we don't bother with starters, and for sides I do roast dinner stuff, but fancier

so fancier roasties, colcannon instead of mash, herbed roast parsnips, cheesey leeks, buttery carrots with a orange zest

also love all the sauces, cranberry and especially bread sauce...deeeeeeeeelishh!

Sugarandsalt Sat 12-Nov-16 08:25:06

My toddler will probably try anything. And if she likes it she will pronounce it "yummy and gooey" which she thinks is a compliment! (If I'm sounding a bit smug it's because she ate almost no solids until she was 2 so it makes me very happy to see her eat!).

I love chicken liver pate but it's very rich and heavy before a goose I think! Delighted to hear red cabbage can be made in advance. Parfait sound like a good dessert.

Might make some platters of cheese and nibbles that can be eaten in front of the tv later.

So I'm thinking: prawn cocktail to start, goose, roast potatoes, potato stuffing, roast carrot/parsnip, red cabbage and sprouts, then parfait. And then platter of pig in blankets/other nibbles with leftovers later (we will have dinner at 1ish).

SweepTheHalls Sat 12-Nov-16 08:26:40

What's potato stuffing?

Hassled Sat 12-Nov-16 08:28:53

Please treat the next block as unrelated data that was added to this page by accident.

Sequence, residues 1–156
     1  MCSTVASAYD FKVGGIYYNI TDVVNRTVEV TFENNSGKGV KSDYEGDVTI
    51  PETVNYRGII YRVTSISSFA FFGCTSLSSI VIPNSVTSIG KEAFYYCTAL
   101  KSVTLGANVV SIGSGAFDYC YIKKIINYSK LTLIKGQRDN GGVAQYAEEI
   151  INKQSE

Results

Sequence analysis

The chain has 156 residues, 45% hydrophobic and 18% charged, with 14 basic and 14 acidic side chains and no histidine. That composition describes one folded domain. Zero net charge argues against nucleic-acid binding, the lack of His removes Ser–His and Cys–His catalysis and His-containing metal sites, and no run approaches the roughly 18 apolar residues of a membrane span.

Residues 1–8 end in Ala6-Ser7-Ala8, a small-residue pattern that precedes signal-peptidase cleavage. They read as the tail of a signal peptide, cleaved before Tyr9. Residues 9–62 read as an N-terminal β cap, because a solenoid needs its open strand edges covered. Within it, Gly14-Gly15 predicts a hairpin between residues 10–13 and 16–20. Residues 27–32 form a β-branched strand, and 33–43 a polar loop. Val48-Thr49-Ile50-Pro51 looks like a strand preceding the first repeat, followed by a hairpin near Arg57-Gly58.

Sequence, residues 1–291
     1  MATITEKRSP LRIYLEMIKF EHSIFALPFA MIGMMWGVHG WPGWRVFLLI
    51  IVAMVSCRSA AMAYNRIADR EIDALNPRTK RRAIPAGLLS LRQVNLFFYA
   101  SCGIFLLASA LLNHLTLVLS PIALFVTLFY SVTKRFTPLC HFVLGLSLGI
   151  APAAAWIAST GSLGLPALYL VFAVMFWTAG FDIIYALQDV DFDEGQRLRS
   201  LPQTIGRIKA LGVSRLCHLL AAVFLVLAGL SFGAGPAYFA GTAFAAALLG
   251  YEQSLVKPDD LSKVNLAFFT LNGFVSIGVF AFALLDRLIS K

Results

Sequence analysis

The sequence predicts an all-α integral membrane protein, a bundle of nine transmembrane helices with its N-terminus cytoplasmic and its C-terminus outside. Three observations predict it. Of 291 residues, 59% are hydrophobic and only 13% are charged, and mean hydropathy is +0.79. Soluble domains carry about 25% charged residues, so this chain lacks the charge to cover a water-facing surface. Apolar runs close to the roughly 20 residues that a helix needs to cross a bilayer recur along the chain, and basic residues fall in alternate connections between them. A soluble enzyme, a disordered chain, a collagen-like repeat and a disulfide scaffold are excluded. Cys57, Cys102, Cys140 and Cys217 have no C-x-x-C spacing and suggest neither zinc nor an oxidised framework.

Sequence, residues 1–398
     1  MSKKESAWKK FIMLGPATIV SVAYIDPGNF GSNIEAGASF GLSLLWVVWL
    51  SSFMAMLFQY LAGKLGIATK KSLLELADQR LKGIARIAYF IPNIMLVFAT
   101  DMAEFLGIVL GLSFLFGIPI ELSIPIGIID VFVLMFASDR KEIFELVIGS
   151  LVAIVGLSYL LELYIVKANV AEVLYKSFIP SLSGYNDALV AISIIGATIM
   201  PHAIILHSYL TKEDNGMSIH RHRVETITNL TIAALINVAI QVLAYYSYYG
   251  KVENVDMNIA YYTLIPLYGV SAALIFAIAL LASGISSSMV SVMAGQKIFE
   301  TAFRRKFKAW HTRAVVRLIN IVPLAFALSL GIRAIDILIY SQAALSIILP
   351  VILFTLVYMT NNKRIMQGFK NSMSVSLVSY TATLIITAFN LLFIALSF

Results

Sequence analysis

Goose is lovely, but what looks like a sizeable bird turns out to be a third fat - so by the time it's roasted, it's shrunk considerably. I cooked a nightmare meal once where I overestimated the amount of meat and guests ended up with a tiny forkful each. So maybe be mindful of that - you'll need a lot of padding/sides.

Sugarandsalt Sat 12-Nov-16 08:32:00

Thanks Tondelaya, I don't expect much leftovers from the goose, I am working the next day and then travelling so don't want much leftover meat anyway. I prefer turkey but DH loves goose and figured less leftovers anyway.

Can you tell me about bread sauce? It's something I've never tasted (not British!) but some Scottish colleagues tell me it's the best think about dinner! Would it go well with my (hopefully delicious as it's bloody expensive) goose?

ScenesFromAnItalianRestaurant Sat 12-Nov-16 08:33:19

I'm thinking of throwing some beetroot in with the roast potatoes, parsnips and carrots this year, for a change.

Sugarandsalt Sat 12-Nov-16 08:39:29

Sweep potato stuffing is a traditional goose stuffing in Ireland (works well in turkey too). I use my family recipe which is basically cooked potato with scallions, salt, pepper, thyme, a little flour, lots of butter and a little orange zest; it needs to be all mixed very well with you hands. Then added to the bird. Some people grate apple into it as well. I'm not a potato lover but it's delicious.

Getting excited about my first Christmas of my own (and I'm well into my 30s!).

Don't worry everyone, I know the goose won't have lots of meat but it should be enough for 4 adults and a little person- we will eat the legs, wings and giblets too!